The chaos of Kalma camp
|The Daily Telegraph, 06 Février 2006|
A terrified young boy joins the countless thousands of victims of the civil war that is destroying Sudan. David Blair reports from the chaos of Kalma camp
When mounted Arab raiders struck Nasir Ali Hassan\'s village, firing from the saddle and setting huts ablaze, the seven-year-old boy fled with his mother across the arid plains of Darfur.
He was struck dumb with terror and has not spoken a word since the Janjaweed militia destroyed his home village in the far west of Sudan. Gunfire may also have deafened him.
\"He was a very special boy, a very talkative boy,\" said his mother, Keltoum Ahmed Hassan, 40. \"He was going to school and he was intelligent. He is my only son. I don\'t know if he will ever recover.\"
Nasir is among millions of victims of a war that is escalating and becoming more chaotic, with militias fighting among themselves and the governments of Sudan and Chad being sucked into cross-border attacks.
Nasir\'s family fled the Janjaweed for Kalma refugee camp, the largest in Darfur, where 96,000 people live in shacks fashioned from brushwood and plastic sheets.
This sprawling camp emerged in 2003 as a temporary measure. Today, there is no prospect of its people going home.
The United Nations has been forced to evacuate all non-essential staff from Western Darfur province and those who remain work in sandbagged, fortified offices. The roads are usually too dangerous for them to reach any camps.
At the outset three years ago the war pitted the Arab-dominated regime against mainly black African rebels styling themselves the Sudan Liberation Army (SLA).
The authorities sought to crush the rising by arming Janjaweed militiamen recruited from Darfur\'s Arab tribes.
Far from reasserting control, western diplomats say this has succeeded only in sowing anarchy and absolute chaos.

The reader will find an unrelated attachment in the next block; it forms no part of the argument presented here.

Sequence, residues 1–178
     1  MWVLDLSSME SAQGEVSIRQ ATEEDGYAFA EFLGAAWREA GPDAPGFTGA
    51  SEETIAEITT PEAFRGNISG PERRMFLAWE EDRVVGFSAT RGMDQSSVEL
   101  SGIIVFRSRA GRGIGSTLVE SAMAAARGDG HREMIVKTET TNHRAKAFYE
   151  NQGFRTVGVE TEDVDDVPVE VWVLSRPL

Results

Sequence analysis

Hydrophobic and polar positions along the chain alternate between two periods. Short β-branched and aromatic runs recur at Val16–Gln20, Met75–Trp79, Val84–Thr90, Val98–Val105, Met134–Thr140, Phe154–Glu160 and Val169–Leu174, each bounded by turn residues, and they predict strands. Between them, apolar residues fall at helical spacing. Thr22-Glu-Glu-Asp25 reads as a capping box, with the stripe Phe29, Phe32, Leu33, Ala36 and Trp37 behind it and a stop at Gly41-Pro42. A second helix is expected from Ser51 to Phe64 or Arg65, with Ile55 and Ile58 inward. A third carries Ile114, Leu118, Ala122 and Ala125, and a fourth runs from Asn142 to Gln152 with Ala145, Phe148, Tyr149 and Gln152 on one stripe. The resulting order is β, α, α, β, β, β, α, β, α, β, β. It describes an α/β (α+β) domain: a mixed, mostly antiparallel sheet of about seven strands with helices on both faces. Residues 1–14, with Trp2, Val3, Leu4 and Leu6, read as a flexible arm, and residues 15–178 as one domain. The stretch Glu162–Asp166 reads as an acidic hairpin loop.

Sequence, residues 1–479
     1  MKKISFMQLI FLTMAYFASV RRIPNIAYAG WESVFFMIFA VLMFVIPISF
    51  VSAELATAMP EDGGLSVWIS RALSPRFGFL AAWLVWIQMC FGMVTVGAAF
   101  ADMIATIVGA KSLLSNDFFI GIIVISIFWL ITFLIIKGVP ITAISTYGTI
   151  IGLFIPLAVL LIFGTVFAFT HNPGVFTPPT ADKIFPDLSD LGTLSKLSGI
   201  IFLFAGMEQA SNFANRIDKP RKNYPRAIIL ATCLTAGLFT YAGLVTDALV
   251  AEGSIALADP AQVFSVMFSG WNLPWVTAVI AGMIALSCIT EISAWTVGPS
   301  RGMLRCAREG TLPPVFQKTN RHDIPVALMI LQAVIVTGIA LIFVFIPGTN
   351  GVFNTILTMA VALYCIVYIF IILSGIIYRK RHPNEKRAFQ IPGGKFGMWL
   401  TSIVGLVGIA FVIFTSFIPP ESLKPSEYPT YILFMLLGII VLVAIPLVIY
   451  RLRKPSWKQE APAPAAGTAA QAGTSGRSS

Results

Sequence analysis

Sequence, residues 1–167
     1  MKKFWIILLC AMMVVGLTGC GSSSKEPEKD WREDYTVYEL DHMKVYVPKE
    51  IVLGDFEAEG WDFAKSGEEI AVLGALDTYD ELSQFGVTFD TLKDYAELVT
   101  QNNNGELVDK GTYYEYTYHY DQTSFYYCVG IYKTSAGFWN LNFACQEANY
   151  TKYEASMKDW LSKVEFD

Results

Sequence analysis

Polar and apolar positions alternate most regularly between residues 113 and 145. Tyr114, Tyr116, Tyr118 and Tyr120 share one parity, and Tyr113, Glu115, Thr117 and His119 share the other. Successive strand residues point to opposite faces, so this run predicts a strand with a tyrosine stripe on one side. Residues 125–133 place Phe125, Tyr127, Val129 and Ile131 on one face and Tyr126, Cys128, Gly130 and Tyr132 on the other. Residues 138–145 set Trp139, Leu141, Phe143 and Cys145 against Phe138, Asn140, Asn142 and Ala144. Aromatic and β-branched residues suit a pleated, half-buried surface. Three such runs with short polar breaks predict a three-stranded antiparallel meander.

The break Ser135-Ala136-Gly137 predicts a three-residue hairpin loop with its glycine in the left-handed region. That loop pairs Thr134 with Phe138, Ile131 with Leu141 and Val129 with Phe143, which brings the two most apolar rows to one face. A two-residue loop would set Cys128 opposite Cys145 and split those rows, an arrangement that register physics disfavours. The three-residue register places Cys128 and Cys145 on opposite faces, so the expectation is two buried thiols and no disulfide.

The Janjaweed have taken to banditry, fighting each other over the spoils. The SLA has not been destroyed. Instead, the rebels have split along ethnic lines, with rival factions from the Fur and Zaghawa tribes killing one another.
A new rebel group styling itself the National Movement for Reform and Development has emerged, led by a warlord who gets his guns from neighbouring Chad. He claimed to have killed 78 soldiers last Saturday.
Other insurgents from the so-called \"Justice and Equality Movement\" are led by hardline Islamists.
Meanwhile, Sudan and Chad are waging an undeclared war, with each country airlifting troops to their common frontier in Darfur. Last week, Sudan claimed to have killed two Chadian soldiers in a border skirmish.
To complete this anarchic picture, clashes have broken out between Darfur\'s nomadic Arab tribes. They are fighting over scarce water and pasture because the war restricts the area over which they can roam with their flocks.
All this means that still more people are fleeing their villages. A town of 55,000 was cleared of every inhabitant in two Janjaweed raids on Jan 24.
Yet as long ago as July 30, 2004, the UN Security Council passed resolution 1556 giving Sudan 30 days to disarm the Janjaweed. Since then, nine more resolutions have been passed on Darfur.
When the 30-day deadline was set, Darfur had 1.4 million refugees and the number of dead stood at about 70,000.
Today, another 600,000 refugees fill the camps - 1.8 million inhabit those in Darfur and another 200,000 have fled into Chad. Estimates for the total killed have reached 300,000 - five per cent of Darfur\'s population.
Peace talks in Abuja have so far made little progress. At a session at the weekend, Jan Pronk, the UN envoy in Sudan, said: \"Don\'t make alliances with rebel movements in neighbouring countries, and abstain from receiving arms and troops from neighbouring countries.\"
The only outside force in Darfur is deployed by the African Union. It has 5,000 soldiers and 2,000 civilian police and observers covering an area twice the size of Britain.
Its mandate expires next month. Kofi Annan, the UN secretary-general, has called for a \"major new international effort\" and the deployment of a fully-fledged, UN peacekeeping force.
On Friday the Security Council gave the UN authority to begin \"contingency planning\" to take over the mission.
The UN estimates that up to 20,000 peacekeepers will have to be deployed if Darfur is to have any chance of peace. Yet no one knows who will provide the soldiers, nor whether Sudan\'s regime will accept them.
All that Mrs Hassan wants is to return home with her seven children. \"I want to grow food on our land and feed ourselves just as we did before the war,\" she said.